Take the 2-minute tour ×
Stack Overflow is a question and answer site for professional and enthusiast programmers. It's 100% free, no registration required.

I have a simple script that fetches some plain-text file using curl, assigns it to variable; later it echos it and greps it for some lines, putting them into a temp file (I actually want to put them in an array); then iterates thru them and does something. I run it on one machine on Mac OS X and it mostly works. However, at random, either of the following happens:

  • curl output is treated as a single line, so at echo/grep stage, the thing breaks;
  • entire tmp file is treated as single line when doing echo and for loop over it (I seem to have alleviated this using "read line"), so again it breaks.

Is there any way to ensure that newlines are treated consistently, once and for all? I don't even care how as long as it's always the same, I can also sed results out of one-line curl output if needed.

Updated: from a different place. Logged onto machine, did some stuff, noticed a script doesn't work. Ran some commands (result, abridged, below) to test, logged off, logged back on, behavior changed (back to the expected one). Note the difference between for loop output... Same happens for curl output for me where exact same command on (for all I know) exact same env treats line breaks differently. What I want to do is to run some command at the beginning of every script that makes it 100% sure the behavior never changes.

[root@ip-xxx-xxx-xxx-xxx ~]# cat example.txt 
ip-xxx-xxx-xxx-xxx.ec2.internal
ip-xxx-xxx-xxx-xxx.ec2.internal
[root@ip-xxx-xxx-xxx-xxx ~]# for f in `cat example.txt`; do echo "line $f"; done
line ip-xxx-xxx-xxx-xxx.ec2.internal
ip-xxx-xxx-xxx-xxx.ec2.internal
[root@ip-xxx-xxx-xxx-xxx ~]# while read f; do echo "line $f"; done < "example.txt"
line ip-xxx-xxx-xxx-xxx.ec2.internal
line ip-xxx-xxx-xxx-xxx.ec2.internal
[root@ip-xxx-xxx-xxx-xxx ~]# logout
Connection to ec2-xxx-xxx-xxx-xxx.compute-1.amazonaws.com closed.
reznor-mbp:trunk2 sergey$ ssh -i ... "root@..."
Last login: ...
[root@ip-xxx-xxx-xxx-xxx ~]# for f in `cat example.txt`; do echo "line $f"; done
line ip-xxx-xxx-xxx-xxx.ec2.internal
line ip-xxx-xxx-xxx-xxx.ec2.internal
share|improve this question
    
It is extremely unlikely that the environments were genuinely identical. If you can reproduce the behavior changing over time, record the output of printf '%q\n' "$-" "$IFS" "$BASH_VERSION" "$(<example.txt)" "$(shopt | grep glob)" both before and after. –  Charles Duffy Apr 2 '13 at 2:57
    
Example 1, 3, and 4 behave the way I would expect using the default environment. Example 2 is what I would expect if the value of IFS had been set to the empty string. Example 2 is also an incorrect way to iterate over lines of a file, if that is your intent; f will iterate over words of the file, as defined by the value of IFS. –  chepner Apr 2 '13 at 12:20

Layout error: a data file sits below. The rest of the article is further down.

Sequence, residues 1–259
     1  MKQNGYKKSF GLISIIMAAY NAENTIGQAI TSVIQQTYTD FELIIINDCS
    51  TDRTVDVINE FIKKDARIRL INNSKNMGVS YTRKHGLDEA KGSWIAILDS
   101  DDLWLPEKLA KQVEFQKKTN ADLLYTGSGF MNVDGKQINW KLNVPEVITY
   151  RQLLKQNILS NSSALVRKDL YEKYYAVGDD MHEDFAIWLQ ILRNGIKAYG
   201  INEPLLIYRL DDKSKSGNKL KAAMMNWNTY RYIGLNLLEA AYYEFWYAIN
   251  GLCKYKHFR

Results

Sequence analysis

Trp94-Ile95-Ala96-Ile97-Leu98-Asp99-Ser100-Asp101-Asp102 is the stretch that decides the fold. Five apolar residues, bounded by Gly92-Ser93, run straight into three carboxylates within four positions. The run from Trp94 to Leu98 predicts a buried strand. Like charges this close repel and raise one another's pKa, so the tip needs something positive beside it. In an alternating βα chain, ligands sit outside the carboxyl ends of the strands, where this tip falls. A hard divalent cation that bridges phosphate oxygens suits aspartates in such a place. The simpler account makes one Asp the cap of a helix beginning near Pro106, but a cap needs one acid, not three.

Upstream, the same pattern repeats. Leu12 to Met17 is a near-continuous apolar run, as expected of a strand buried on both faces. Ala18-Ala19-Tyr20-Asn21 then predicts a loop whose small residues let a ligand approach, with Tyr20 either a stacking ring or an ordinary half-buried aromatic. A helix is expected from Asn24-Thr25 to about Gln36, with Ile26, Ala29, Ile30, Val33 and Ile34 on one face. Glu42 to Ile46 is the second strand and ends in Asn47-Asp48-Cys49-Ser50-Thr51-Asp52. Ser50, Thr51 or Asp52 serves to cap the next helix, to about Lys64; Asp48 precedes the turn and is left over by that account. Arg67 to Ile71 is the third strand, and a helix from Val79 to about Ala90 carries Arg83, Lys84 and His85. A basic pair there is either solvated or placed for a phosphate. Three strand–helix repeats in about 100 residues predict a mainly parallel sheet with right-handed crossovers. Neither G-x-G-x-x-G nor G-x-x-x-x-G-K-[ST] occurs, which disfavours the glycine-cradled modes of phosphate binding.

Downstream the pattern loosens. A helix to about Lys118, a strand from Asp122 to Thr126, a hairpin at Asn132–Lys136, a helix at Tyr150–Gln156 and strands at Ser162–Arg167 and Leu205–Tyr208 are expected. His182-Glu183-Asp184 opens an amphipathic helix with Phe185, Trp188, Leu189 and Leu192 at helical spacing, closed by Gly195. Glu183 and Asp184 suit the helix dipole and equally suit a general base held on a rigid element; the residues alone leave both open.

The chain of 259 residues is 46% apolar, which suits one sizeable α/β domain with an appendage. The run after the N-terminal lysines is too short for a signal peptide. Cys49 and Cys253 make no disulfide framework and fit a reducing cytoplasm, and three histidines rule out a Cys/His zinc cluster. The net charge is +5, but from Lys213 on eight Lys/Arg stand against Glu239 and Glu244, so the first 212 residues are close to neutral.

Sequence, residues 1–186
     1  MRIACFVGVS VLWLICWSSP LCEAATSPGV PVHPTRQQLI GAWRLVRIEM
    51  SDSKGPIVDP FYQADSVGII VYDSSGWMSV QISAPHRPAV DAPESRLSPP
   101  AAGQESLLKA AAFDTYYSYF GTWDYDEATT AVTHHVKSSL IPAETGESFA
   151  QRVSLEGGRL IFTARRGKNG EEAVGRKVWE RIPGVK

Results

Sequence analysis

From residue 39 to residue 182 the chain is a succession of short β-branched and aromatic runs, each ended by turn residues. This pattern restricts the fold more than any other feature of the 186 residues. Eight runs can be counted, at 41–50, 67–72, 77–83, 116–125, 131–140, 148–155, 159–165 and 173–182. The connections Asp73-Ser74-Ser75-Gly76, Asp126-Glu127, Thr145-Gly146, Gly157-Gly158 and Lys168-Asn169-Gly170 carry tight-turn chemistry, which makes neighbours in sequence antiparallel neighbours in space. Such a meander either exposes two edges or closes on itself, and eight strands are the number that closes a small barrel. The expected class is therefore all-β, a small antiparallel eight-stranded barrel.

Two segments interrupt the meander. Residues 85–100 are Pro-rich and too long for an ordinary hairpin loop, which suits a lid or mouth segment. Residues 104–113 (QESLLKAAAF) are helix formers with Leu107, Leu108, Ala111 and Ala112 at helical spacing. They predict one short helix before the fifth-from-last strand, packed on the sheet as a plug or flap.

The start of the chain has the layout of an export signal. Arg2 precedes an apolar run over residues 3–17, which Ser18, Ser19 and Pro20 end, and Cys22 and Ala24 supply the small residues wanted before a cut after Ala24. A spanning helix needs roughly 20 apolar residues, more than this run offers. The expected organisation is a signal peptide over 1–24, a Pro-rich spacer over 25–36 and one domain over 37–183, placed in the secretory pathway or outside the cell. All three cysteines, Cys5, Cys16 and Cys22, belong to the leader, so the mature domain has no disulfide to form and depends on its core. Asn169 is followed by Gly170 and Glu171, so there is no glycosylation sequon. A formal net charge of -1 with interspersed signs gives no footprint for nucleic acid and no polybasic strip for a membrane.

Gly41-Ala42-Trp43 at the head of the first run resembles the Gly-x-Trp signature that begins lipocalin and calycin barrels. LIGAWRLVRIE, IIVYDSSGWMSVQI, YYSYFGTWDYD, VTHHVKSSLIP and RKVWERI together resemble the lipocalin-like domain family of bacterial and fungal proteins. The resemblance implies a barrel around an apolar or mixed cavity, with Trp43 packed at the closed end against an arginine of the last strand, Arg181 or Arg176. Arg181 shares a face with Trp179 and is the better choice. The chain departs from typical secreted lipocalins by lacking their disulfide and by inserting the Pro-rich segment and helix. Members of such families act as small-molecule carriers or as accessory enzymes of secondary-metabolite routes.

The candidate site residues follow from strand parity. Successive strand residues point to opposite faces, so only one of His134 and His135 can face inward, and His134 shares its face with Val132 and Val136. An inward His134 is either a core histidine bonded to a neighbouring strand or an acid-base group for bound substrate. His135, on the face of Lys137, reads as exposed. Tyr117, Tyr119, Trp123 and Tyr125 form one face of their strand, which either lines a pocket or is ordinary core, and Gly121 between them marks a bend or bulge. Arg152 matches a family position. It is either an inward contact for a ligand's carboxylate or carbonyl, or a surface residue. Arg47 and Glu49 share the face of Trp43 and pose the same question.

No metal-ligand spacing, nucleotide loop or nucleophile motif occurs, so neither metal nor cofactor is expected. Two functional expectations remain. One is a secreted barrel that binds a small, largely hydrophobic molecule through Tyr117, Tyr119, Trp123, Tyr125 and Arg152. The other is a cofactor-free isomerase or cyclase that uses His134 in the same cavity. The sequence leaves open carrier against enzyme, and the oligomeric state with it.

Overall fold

3 Answers 3

Simple way is to use a while loop as below

filename=/path/to/file/file.txt
while read variablename

do echo "$variablename" done < "filename" What it does is it reads whole line until \n

share|improve this answer

First: Don't read lines with for; read them with a while read loop:

while read -r; do
  echo "line $REPLY"
done <example.txt

The problem with for f in $(cat example.txt) is that the output of the cat operation goes through string-splitting and glob expansion before the loop is entered, making behavior dependent on a number of variables (contents of the IFS shell setting, files in the current directory [if potentially glob-expanding names are present], various shell options impacting how globs are interpreted, etc). The while read approach will behave consistently.

Second -- always quote expansions for the same reason: "$line" avoids string-splitting and glob expansion (again, making the above settings and variables moot), whereas bare $line has those occur.

Finally, the example above uses the default REPLY variable because the shell does not trim whitespace characters (that is, characters found in $IFS) on read under those conditions. This is usually unnecessary (and the same effect can be had by explicitly clearing IFS, as in while IFS= read -r line; do ...), but since the goal is to be reproducible, we're doing it right. :)

Follow these practices, and you will see consistent behavior between all shells compliant with POSIX sh. (The only major shell which does not comply with POSIX sh -- breaking compatibility by default in places where it considers the standard-mandated behavior unreasonable -- is zsh).

share|improve this answer
    
+1 excellent answer –  glenn jackman Jun 26 at 13:03

You mention echo. Do you write

echo $multiLineVar

or

echo "$multiLineVar"

In the first case, the shell will treat embedded newlines as white-space that separates words, and so echo never sees them.

share|improve this answer
    
the problem is not how it treats them, the problem is that the same commands treat them differently executed it different time in the same environment for reasons beyond my comprehension –  Sergey Apr 2 '13 at 1:39

Your Answer

 
discard

By posting your answer, you agree to the privacy policy and terms of service.

Not the answer you're looking for? Browse other questions tagged or ask your own question.